Sunburnt Gullshit Wanderlust

Story for The Read Horse Issue 4: Lust, Fist-Fights and British Seaside Resorts.

Inside the Regis Rock Shop the walls were a brilliant white.  Not a clinical, hospital-kind-of-white, not even an over-starched first day of term school shirt white, but a heavenly one. The kind that’s depicted in low budget movies made by directors that lack imagination: harmless and inoffensive but unoriginal, at best: a glimpse of a better man’s fantasy.

Continue reading “Sunburnt Gullshit Wanderlust”

Bodies, Porn & Wind Farms

Story for issue 1 of The Read Horse: Bodies, Porn & Wind Farms

A Story About Me

I am going to start by remembering our trip to Blackpool which was very special because we don’t go on trips often because usually I am sick in the car. Though this was the one time I wasn’t sick. Dad was still with us and he was driving. He always knew how to make me not be sick. He’d say “Mark, look at the things outside the window and imagine you are there and not in the car”. And what I saw in the field by the road was three giant grains of white rice moving round a circle like the arms of a daisy; a daisy that was a fan and a daisy at the same time. I was not in the car any more, but sitting on the giant rice waving my arms and legs in the air, which is impossible because of a thing called gravity and because my legs don’t move. But it was a fun thought.

I heard shouting from the front and realised that mum was angry at dad and maybe this is why he has told me to look out of the window to start with and not just because I was feeling sick. The dream of the wind farm got further and further away and the sickness was coming more and more. I started to moan and mum said “now you’ve done it” and looked at dad very cross. Until Adam, who is my younger brother, held my hand and started telling me that what I’m looking at is a wind farm, where they make power and use it to make light bulbs glow in loads of houses.  He tells me about how the farm works as he’s learned it in school. All about dynamos and electromagnets and how energy doesn’t die it’s just transferred. Kind of like when food is grown and I eat it and it goes through me and comes out the bottom and then goes into the ground and makes more things grow.

I like this idea because it means that even though the doctors say that I’m not going to live as long as everyone else I know that I won’t really die but that one day a bit of my power will be turning the petals of the wind farm and that makes me smile. I got quite tired thinking about all the connections between the biggest battery, which is the sun, but I like listening to my brother talk. Adam is really very clever and it makes me happy that he is my brother and doesn’t belong to someone else. Then I fell asleep and when I woke up we were in Blackpool. But I didn’t like Blackpool very much because it is full of really ugly things that shine in your face and flash in your eyes and after about 10 minutes on the pier (just enough time for Adam to go on at least one ride and not hate me forever) I threw up and we went back to the hotel. I had to do my special power for a whole afternoon before Dad agreed we could go home but I got to see the wind farm on the way back so it was worth it.

My special power is this. I do an empty face where it looks like no one is there but actually I am listening hard to hear everything. This makes me look much more sick than I actually am. This is useful for many things but I use it most to get out of places I don’t like to be and to listen to other people’s secrets. It works like this. I try to fix my eyes on a plane in the sky or a cloud through a window then I feel far away although really I am not. If I’m being extra clever I let a bit of dribble fall on my t-shirt to convince them I’m really somewhere else. This works really well when we’re in Mr Khan’s and I want a chocolate bar but mum won’t buy me one. I dribble a lot so the front of my shirt gets really damp and Mr Khan looks away embarrassed and I take whichever chocolate bar I want. But when I use this special power for listening I have to concentrate really hard or I will go to the cloud in my mind or just get lost in the thought. If I stop staring at the plane or the cloud Adam will see me looking and push my chair in front of the television or just talk about something else very quickly and then I won’t get to hear any secrets.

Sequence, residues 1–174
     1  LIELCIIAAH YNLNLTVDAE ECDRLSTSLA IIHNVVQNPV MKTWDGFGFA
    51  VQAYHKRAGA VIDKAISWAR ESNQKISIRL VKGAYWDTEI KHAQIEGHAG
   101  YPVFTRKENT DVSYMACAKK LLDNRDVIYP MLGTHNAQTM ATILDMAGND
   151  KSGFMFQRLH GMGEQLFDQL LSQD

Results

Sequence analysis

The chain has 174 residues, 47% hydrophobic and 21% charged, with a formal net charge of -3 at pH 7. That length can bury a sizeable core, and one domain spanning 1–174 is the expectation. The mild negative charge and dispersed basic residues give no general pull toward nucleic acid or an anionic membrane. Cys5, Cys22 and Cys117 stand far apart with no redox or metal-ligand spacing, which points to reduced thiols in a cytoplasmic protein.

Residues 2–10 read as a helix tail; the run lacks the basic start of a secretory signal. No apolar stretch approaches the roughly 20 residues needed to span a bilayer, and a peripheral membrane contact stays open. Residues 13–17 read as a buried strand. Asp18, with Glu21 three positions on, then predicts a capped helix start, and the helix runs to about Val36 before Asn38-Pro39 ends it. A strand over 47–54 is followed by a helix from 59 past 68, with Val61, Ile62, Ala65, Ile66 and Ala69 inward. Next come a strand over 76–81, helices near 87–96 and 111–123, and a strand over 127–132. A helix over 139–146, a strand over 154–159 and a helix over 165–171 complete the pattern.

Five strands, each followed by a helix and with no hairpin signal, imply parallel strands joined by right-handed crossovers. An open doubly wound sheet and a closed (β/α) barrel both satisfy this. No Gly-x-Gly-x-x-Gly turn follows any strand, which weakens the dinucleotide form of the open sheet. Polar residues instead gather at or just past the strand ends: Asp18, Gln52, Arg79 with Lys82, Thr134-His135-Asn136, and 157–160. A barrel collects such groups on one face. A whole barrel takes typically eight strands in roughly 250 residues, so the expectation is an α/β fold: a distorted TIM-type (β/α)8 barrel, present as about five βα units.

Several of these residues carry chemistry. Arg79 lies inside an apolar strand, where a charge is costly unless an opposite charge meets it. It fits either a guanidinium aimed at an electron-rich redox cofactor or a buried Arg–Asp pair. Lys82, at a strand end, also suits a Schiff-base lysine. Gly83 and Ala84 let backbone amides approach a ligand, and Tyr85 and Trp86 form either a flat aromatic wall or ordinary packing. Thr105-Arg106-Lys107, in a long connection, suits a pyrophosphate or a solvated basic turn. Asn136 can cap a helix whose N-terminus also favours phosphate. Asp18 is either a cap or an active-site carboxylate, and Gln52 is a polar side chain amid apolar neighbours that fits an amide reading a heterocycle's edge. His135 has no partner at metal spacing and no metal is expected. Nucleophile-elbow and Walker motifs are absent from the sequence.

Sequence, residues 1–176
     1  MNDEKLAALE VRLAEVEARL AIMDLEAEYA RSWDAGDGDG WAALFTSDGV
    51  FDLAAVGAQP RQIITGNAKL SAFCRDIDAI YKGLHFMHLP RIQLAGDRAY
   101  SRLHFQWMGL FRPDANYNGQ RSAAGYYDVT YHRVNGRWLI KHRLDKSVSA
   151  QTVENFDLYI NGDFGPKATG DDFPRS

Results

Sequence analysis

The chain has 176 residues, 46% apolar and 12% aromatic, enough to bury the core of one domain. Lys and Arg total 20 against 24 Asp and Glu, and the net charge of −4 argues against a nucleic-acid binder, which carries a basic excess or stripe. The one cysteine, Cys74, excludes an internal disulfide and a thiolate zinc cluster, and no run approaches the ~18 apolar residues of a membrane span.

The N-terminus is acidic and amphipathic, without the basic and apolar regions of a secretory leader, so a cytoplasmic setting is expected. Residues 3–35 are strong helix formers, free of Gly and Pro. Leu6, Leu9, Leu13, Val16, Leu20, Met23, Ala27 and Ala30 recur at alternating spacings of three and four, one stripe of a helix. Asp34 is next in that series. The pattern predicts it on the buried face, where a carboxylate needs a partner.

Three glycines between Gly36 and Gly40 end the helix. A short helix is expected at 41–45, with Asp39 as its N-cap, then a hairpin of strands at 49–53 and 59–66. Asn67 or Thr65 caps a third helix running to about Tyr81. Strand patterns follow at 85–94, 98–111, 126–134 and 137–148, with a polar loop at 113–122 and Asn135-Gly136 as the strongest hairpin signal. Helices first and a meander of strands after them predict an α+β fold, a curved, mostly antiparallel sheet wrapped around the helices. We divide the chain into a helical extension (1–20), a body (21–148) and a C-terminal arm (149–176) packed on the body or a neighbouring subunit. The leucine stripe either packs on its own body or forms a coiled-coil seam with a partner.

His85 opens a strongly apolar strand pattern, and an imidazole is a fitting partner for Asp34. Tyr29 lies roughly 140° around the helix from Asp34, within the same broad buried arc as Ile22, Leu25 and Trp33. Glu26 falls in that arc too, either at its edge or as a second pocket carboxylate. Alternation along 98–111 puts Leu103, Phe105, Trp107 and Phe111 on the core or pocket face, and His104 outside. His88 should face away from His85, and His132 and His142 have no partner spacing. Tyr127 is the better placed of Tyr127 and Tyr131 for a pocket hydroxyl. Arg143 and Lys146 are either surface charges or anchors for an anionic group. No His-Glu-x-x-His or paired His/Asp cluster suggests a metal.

I have found out several things using my special power.

1)      Adam’s friend Jason broke mum’s favourite lady figure and they blamed me because he knows that mum will not get as upset if it was me even though it wasn’t. Adam said it fell off the sideboard top and that I accidentally ran over it in my chair and that’s how it got smashed and the little bits got crushed into the carpet. What actually happened is Jason sat on it. He stuck the lady figure down his pants because he’s a show-off and they were drinking the White Lightning which tastes disgusting and just makes them act really silly even though I know Adam is not. It doesn’t make me silly but makes me need to wee lots so I don’t drink it even when my brother and his friends offer it to me. Anyway, Jason had a bruise on his bum for ages (he kept showing Adam) so I felt he had got what he deserved in the end.

2)      Adam is having it off with his friend Janine. She comes round when mum is out and he is meant to be looking after me. They go into his bedroom and make noises. They are the same noises that come from the TV when Jason comes round to drink the White Lightning. I sit in the corner using my special power so it looks like I am dribbling everywhere again but actually I am listening to the noises from the woman with the massive jugs who I can see out of the corner of my eye. Jason likes to watch videos about having it off. He brings new ones round a lot which he borrows from his dad when he isn’t looking. He prefers to watch women with mostly yellow hair though sometimes the top of it is brown. But the woman is always moaning in the same way, even if she has different coloured hair. I find it really boring, even if they do bend in different ways a lot. I suppose I’m a bit jealous because I can’t bend my legs like that at all but that still wouldn’t make me want to watch it as much as Jason does.

3)      You are worried about me and that’s why you wanted me to write a story about myself. Because you want to know if everything is okay but also because you are kind. You were talking to mum when she came to pick me up from The Centre and I was doing my special power to listen hard though it looked like I was staring at Megan’s painting on the wall, which I was a bit, because it is good. I know I am not getting any better, but it’s okay because I know what Adam told me about the wind farms is true, because Adam is clever and because he is my brother. Bodies don’t really die, our power just goes somewhere else. And one day there will be a wind farm that looks like it is just an empty wind farm with its daisy arms, but actually it will be listening to all the secrets in the air, because it will be me.